Feb. 10 was an international day of solidarity with the Wet’suwet’en First Nation in Canada. Although most of the world has never heard of Wet’suwet’en, Wet’suwet’en cares deeply about the future of our world. Since 2009 they have blocked fossil fuel exports across their territory at their Unist’ot’en camp. By exercising their indigenous sovereignty, they have prevented untold amounts of CO2 emissions from warming our climate and acidifying our oceans. Although they are under constant pressure to give in, they have proven so effective at blocking irresponsible pipelines that Canadian companies are looking at another route to punch through their dangerous pipelines: Southeast Alaska.
An international fracked gas company is seeking permits to analyze two islands in the Misty Fjords National Monument, and in the traditional sovereign territory of the Saanya Kwaan, for a fracked gas liquefaction plant. The full impact of such a plant can’t be known yet, but it will inevitably be large and harmful to the natural wildlife of the area. My family has been traveling to this region to find cleaner water for our subsistence harvests since cruise ship dumping has worsened in the last few years. So close to the old Fort Tongass and Cape Fox village sites, will we allow a Canadian infrastructure project to put our heritage at risk?
But the greatest threat from this project is its contribution to the climate crisis. Our congressional delegation, especially U.S. Sen. Lisa Murkowski, knows that climate change is impacting Alaska at twice as hard as the Lower 48, and they must act on it. Alaska would be better served by federal investment in renewables and clean energy technology than by permitting of such a carbon intensive project in a national wilderness. If our elected leaders really want to build energy independence in rural communities, they ought to be supporting bills that empower communities to transition to clean renewables, not facilitating dirty energy projects like the Ketchikan LNG terminal.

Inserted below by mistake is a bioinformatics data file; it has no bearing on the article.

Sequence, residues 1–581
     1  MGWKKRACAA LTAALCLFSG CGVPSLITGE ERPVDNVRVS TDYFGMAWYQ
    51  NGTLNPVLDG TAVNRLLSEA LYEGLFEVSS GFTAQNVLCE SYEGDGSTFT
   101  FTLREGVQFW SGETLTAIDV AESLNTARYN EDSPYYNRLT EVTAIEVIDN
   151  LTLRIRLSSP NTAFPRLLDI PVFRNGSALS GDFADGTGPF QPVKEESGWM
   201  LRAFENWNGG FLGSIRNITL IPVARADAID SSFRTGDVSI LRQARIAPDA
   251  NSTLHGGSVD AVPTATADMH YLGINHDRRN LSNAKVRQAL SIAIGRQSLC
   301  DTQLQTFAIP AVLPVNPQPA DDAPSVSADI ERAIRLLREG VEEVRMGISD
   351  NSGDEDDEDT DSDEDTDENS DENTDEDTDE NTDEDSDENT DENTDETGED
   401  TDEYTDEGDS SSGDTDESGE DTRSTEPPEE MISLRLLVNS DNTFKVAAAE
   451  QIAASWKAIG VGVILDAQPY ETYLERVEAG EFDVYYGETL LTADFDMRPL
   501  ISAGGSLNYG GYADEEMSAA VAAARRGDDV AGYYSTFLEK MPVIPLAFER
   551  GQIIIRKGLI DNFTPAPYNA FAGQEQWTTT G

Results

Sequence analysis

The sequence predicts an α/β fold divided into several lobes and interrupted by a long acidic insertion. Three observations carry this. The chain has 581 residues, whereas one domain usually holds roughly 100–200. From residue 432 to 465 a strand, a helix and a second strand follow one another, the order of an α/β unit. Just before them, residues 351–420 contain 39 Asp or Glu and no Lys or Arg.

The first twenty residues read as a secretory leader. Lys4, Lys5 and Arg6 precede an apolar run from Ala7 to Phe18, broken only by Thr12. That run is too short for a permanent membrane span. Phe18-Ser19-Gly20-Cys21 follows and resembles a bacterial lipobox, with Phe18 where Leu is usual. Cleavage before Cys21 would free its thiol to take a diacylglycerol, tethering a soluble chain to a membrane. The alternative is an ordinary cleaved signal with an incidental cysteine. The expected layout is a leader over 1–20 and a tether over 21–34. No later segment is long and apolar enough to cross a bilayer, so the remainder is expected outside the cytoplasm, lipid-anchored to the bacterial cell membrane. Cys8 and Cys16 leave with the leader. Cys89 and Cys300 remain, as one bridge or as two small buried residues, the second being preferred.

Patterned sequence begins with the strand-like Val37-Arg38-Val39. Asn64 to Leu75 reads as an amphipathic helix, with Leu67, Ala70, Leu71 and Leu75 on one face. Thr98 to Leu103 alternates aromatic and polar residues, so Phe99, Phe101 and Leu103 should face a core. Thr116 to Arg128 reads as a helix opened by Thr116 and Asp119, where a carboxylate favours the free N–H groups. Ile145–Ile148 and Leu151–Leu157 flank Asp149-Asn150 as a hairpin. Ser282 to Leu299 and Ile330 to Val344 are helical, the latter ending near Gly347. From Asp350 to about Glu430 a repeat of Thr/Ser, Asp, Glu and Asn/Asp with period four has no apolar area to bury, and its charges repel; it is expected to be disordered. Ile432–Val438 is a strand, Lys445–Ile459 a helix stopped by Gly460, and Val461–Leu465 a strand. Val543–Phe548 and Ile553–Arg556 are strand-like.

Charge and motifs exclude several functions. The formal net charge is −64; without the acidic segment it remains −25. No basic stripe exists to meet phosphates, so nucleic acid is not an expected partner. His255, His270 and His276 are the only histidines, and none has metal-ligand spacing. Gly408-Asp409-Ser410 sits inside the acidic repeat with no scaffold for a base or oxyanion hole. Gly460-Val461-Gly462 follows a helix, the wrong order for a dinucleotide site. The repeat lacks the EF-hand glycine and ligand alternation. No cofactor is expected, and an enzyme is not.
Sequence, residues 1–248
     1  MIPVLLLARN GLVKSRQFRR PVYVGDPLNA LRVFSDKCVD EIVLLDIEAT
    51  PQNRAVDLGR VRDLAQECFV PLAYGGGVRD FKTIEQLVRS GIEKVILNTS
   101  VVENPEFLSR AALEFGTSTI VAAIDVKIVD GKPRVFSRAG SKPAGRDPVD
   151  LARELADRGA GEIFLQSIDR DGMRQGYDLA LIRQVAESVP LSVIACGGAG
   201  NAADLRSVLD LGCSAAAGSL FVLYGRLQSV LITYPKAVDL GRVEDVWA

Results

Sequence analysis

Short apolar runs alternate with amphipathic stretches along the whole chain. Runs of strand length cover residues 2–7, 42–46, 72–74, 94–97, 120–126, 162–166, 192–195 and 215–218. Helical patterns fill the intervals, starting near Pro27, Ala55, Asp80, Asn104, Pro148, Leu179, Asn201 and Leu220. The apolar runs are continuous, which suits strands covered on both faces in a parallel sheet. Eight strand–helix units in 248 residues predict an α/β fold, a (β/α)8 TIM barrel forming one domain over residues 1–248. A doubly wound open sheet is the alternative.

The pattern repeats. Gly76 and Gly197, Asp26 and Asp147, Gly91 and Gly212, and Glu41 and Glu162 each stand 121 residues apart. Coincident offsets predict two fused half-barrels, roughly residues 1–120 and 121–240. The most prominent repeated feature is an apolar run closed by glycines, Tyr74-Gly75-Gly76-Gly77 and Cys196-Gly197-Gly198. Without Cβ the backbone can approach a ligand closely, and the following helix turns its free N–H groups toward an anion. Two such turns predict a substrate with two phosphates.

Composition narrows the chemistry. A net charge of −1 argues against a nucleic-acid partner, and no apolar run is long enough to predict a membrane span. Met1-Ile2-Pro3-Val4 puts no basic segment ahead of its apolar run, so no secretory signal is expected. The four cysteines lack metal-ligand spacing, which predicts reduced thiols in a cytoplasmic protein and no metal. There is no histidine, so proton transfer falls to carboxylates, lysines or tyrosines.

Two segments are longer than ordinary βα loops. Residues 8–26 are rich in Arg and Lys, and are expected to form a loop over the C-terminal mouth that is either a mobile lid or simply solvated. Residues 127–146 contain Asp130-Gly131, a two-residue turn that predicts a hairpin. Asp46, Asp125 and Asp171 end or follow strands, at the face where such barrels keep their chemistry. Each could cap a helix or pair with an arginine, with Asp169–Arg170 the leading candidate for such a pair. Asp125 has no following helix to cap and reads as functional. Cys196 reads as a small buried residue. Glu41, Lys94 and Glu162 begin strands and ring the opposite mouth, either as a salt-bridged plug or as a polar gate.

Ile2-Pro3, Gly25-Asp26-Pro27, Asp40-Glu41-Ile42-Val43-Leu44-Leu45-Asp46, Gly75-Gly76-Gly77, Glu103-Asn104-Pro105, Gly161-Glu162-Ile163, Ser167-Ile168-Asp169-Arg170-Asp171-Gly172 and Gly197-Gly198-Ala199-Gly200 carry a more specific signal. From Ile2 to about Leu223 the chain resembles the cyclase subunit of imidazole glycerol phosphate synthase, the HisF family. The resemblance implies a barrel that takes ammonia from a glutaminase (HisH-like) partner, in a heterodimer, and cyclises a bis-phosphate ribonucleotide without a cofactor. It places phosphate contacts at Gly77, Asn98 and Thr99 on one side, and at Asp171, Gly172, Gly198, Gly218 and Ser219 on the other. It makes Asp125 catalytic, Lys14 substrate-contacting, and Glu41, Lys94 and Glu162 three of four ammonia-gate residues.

I am grateful to the Unis’ot’en camp and the Wet’suwet’en First Nation for the sacrifices they have made to protect our earth, and they are in need of our support. But to fully honor their work, we must honor it everywhere, first of all in our own territories, by rejecting this LNG project that threatens our climate and our way of life.
Carrie James Dodson
DOT being clear wouldn’t make a difference
This is in regards to the comment quoted in the Feb. 4 Empire that Sen. Bert Stedman was critical of the DOT for not making the maintenance needs of the AMHS more clear to the Legislature. In light of extreme budget cuts to the AMHS, the $25 million maintenance money removed a year ago, then the 75% cut, partially vetoed. I think everyone knew how dire it was. Would making it more clear by DOT have made any difference? If one starves a dog to death, does the blame go to the dog for not saying it was hungry?
• Columns, My Turns and Letters to the Editor represent the view of the author, not the view of the Juneau Empire.